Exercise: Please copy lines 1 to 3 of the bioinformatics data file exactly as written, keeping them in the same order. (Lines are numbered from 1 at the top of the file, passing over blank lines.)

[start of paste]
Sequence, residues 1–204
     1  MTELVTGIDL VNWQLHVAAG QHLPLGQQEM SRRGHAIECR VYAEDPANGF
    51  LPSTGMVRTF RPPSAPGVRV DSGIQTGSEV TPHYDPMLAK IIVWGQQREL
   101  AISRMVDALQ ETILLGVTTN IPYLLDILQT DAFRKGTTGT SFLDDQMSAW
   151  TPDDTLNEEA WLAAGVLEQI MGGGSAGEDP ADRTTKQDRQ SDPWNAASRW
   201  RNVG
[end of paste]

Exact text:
Sequence, residues 1–204
     1  MTELVTGIDL VNWQLHVAAG QHLPLGQQEM SRRGHAIECR VYAEDPANGF
    51  LPSTGMVRTF RPPSAPGVRV DSGIQTGSEV TPHYDPMLAK IIVWGQQREL